“Internally, brands are organized in marketing sub-groups that are territorial, competitive, and political.”
It’s the statement above, that I think is where the problems start since it’s the agencies that serve the brand’s requirements. And, it’s not just about the discipline-orientated departments (PR, brand, media, events etc) it’s that those people, departments and teams tend to speak a totally different language to each other and even worse, use varying and often unrelated KPIs. I’ve asked before – enough of the tacticians, where are the marketers!
“Preparing for Paid, Owned and Earned integration is not just a demand of present reality, but an inevitable necessity of the future of marketing, advertising, and communications.” Lieb & Owyang
The report is very good, I need to stress that as I don’t want to find weaknesses for the sake of it. My only grudge is that the four case studies in the report, are for brands that have executed strategies combining two or more types of POE media, but are a little “social” and lacking in the idea of hard ROI for commercial marketers. For brand orientated marketers with softer KPIs then this wouldn’t matter, though my sense is that marketing doesn’t get the respect, investment and support needed without being tied to the bottom line. It has to be anchored to the commercial bottom line. Just as the report is weighted to a social bias, so to digital, it doesn’t really highlight the opportunity for offline events or research, for example, yet these are things that need to be thought about as well.
So, what’s the fix for marketers?
There’s an irony here, since executing what you need to do fundamentally requires cross-department (and agency) collaboration, the lack of which is one of the primary problems in the first place. Dammit. That sounds a huge ask despite it being obvious? So how could you kick things off in the right direction?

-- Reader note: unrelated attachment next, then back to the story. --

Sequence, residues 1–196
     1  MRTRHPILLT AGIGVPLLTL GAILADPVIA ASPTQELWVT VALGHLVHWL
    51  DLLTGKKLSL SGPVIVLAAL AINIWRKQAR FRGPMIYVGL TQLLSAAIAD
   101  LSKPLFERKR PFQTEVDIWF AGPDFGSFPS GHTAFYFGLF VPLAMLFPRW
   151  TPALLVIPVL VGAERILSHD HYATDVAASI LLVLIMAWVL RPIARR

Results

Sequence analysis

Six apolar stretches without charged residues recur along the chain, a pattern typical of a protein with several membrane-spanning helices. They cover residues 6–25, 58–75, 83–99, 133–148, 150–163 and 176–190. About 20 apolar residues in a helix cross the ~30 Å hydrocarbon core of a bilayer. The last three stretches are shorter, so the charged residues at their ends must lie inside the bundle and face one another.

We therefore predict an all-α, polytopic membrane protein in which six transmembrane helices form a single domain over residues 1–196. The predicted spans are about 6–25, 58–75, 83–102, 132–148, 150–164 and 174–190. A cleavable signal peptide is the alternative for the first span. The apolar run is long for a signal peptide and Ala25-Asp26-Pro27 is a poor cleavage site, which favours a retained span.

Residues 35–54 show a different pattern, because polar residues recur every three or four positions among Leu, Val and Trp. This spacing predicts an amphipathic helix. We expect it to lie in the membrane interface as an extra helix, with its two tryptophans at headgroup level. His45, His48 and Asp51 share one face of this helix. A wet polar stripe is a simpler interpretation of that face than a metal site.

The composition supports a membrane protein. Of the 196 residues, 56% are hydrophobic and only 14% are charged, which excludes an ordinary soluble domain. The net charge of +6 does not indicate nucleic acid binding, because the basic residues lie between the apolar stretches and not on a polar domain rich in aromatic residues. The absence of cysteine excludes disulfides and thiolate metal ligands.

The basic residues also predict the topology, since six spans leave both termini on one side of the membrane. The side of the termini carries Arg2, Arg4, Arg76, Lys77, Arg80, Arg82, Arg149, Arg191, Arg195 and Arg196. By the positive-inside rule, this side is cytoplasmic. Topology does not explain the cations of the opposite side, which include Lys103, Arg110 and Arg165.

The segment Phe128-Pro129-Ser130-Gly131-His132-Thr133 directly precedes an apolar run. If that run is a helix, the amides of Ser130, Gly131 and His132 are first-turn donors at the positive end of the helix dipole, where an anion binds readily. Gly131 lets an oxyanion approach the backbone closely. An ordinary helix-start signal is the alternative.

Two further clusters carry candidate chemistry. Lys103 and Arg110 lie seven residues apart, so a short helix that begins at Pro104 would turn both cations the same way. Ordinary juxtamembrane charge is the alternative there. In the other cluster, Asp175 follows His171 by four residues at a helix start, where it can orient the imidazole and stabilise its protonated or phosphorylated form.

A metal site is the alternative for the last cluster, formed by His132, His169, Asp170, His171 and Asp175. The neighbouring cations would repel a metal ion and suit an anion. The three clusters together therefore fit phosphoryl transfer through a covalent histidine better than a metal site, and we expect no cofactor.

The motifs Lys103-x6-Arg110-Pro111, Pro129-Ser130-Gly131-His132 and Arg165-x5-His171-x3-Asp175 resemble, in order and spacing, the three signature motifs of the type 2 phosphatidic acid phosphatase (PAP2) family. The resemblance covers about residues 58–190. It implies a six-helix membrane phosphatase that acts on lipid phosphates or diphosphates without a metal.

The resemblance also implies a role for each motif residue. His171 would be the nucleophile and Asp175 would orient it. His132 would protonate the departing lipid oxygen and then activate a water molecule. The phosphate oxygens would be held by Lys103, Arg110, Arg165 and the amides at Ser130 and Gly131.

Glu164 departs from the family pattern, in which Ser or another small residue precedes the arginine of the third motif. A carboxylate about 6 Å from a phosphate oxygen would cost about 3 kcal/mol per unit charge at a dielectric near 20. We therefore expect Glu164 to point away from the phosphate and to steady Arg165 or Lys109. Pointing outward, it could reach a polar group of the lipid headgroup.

Help your team(s) all face the same way:
- Supplement your team with external marketers, not tacticians. For example, have a strong, small group of agency partners to help bridge those internal teams. Give those trusted marketing partners an impartial (as possible) voice in decision-making. There is no point having multiple agencies that pile on further fragmentation and incompatibility. Make sure agency selection processes include considerations for deep marketing capabilities and not just high-level strategy, creative, social or paid media tactics.
- Own and plan using data. I’d suggest that planning and data mining should be an in-house function and not left to an agency. In fact, it’s really the most important take-away. Modern marketing requires the use of disparate tools, and there’s got to be a means to collate the insight so that it can be used. A set of dashboards and weekly/monthly process that enable them to be used and any insight actioned as necessary. Data is highly effective at unifying teams and cutting through hear-say.
- Do the basics. Network and encourage a whole team spirit. We’re all people at the end of the day and we need you to be the leader, educator and collaborator. Effective teams are always greater than the sum of their parts because they work together, have focus and processes.